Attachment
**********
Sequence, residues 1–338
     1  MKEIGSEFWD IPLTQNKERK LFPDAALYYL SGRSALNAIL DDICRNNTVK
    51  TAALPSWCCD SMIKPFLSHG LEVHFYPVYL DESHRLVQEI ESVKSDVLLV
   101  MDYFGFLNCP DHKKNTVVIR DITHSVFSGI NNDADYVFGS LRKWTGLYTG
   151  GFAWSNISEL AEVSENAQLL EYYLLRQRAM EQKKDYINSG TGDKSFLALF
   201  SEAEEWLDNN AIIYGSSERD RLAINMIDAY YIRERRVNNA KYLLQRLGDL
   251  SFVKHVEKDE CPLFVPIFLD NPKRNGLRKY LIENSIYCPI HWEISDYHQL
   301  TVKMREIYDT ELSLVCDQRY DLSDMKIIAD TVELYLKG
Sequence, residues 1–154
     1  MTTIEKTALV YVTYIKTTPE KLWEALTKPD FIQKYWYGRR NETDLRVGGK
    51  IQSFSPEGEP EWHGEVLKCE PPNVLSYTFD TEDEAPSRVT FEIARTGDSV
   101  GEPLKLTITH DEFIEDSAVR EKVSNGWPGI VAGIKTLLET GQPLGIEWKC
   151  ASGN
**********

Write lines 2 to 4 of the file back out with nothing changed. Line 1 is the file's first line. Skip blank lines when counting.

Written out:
     1  MKEIGSEFWD IPLTQNKERK LFPDAALYYL SGRSALNAIL DDICRNNTVK
    51  TAALPSWCCD SMIKPFLSHG LEVHFYPVYL DESHRLVQEI ESVKSDVLLV
   101  MDYFGFLNCP DHKKNTVVIR DITHSVFSGI NNDADYVFGS LRKWTGLYTG